Sep 30, 2012

The Lyme Second Opinion...

So I got a second opinion on my potential Lyme Disease this past week. I visited a family practice that is also known for being Lyme Literate. Which is important when you think you could have Lyme Disease. I was cautiously optimistic going in, but still a little panicky under the surface (I think feeling unheard does that to a person).  And then the Nurse Practitioner walked in, and was way more cheerful than I usually am, which would normally make me suspicious but in this case it set me at ease, and I layed out the gist of my story of the past month or so, and she layed out the following for me. I'm not sure of her exact words, but here is my paraphrase:

"We treat aggressively for Lyme here. We believe you.  We are going to test and treat you, and then we are going to monitor you to see if you need more treatment, and we will keep watching you so we know you are better. And you are going to get better. Plus, you are smart, pretty, trustworthy, and a good mom & wife."

Fine, I threw that last sentence in myself. But that's what reassurance feels like. 

So here's the rundown...

I had a confirmed tick bite plus flu-like symptoms.  They were mild but they were persistent, they improved with the short run of antibiotics, and then they returned after I went off the meds.  So even though I had no bullseye rash, I still have good indications for the longer run of antibiotics.  The docs took my blood to test for all the major tick-borne illnesses, and put me on antibiotics for 30 days (Amoxicillin instead of Doxycycline because I'm nursing), as well as a yogurt regimen.  After that time they'll test me again and watch me for further/returning symptoms.  And so on for several months.  It's kind of a pain, but I am very, very fortunate that I had a definite date of the tick bite, and that even though I didn't know about things such as saving the tick and getting a single dose of meds within 2 days, I knew enough to watch myself for symptoms and to address them quickly. Plus, over the past several weeks I've heard from several people I already knew, who continue to deal with Lyme Disease. Their experiences gave me good questions to ask, so I could be more confident about the answers I got.  So thank you, people in my life who told me your stories.  You helped me immensely and I appreciate it.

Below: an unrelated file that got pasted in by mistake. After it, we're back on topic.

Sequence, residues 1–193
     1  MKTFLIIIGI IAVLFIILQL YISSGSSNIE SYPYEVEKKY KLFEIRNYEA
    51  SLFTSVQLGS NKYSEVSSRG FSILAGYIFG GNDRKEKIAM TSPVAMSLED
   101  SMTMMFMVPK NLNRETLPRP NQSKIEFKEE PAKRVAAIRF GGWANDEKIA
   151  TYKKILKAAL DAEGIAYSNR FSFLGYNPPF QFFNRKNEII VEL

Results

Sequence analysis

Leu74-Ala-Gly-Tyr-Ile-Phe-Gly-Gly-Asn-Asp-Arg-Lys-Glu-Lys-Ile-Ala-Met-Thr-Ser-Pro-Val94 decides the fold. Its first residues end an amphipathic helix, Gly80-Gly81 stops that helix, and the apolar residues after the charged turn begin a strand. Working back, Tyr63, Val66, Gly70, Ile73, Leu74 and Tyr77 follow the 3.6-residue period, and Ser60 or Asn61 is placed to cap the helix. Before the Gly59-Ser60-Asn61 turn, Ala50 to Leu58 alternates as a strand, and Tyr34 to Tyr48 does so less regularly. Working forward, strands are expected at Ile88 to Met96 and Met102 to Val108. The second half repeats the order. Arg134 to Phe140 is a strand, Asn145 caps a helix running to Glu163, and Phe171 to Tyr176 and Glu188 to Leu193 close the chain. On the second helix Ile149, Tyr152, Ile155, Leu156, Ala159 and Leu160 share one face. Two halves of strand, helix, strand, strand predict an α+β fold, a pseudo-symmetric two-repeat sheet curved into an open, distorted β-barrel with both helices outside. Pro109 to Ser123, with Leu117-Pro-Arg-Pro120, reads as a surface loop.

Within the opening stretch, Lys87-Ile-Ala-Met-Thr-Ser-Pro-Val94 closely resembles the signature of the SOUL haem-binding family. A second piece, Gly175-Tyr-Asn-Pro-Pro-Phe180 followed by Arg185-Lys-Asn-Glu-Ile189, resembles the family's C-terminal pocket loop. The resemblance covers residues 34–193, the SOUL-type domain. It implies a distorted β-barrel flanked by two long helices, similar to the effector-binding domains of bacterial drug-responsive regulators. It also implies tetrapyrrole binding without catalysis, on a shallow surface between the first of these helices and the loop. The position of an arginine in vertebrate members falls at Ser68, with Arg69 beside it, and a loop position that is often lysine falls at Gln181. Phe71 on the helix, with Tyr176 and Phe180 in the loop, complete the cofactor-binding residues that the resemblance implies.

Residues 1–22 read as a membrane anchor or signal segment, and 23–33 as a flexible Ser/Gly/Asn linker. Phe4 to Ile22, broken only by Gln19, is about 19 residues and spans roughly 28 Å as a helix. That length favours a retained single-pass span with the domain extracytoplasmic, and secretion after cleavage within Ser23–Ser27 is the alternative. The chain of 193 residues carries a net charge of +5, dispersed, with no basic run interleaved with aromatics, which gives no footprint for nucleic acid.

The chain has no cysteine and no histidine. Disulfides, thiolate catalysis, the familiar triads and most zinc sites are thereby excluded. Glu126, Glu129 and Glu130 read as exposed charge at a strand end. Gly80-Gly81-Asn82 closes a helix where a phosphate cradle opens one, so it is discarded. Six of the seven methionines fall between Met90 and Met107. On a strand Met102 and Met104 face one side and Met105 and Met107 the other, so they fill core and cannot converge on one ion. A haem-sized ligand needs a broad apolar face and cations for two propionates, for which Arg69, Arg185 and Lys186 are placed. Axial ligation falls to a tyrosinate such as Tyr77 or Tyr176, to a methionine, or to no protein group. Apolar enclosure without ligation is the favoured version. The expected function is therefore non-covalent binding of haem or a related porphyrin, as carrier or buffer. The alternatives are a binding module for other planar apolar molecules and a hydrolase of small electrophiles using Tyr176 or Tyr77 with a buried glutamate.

The nurse practitioner said oftentimes they get people who have been sick for several years, and by that point it is a much longer road to healing, and they get into the more permanent, chronic, and/or disabling effects.  It's nasty, scary stuff, the Lyme Disease.

Therefore in the spirit of awareness and prevention, here are some sites for more information about Lyme Disease and tick-borne illness.  Remember, speed counts.  Don't adopt a laid-back approach of "wait & see," even if that is your normal style, like it is for me.  And if at all possible, get to a doc who has lots of experience dealing with Lyme and tick-borne illnesses.  There is conflicting and sometimes-controversial information out there. It can even get politicky at times, but the bottom line is this:  if you are aggressive early on, the chances of full recovery without lingering/chronic effects are excellent.




My doc doesn't know it yet, but I'm adopting her.  As my regular doc; not, like, into my family or anything. That would be creepy.

But maybe we could be BFFs or something...


Kris said...

I am for lyme advocacy. Put de lime in de coconut, and you drink dem both up. Glad you did what you did!

Elizabeth said...

Lyme Disease scares me to death, as do most woodland areas in the eastern U.S. (Our tiger-striped mosquitos in Arlington scared me to death, too). But I love the story of this NP; we feel the same way about the ENT Maddie and Bridget see regularly. It isn't very often you get to feel that way about medical professionals (at least in my experience) so definitely hold on to that practice!! I'm glad you are getting aggressively monitored for all of it.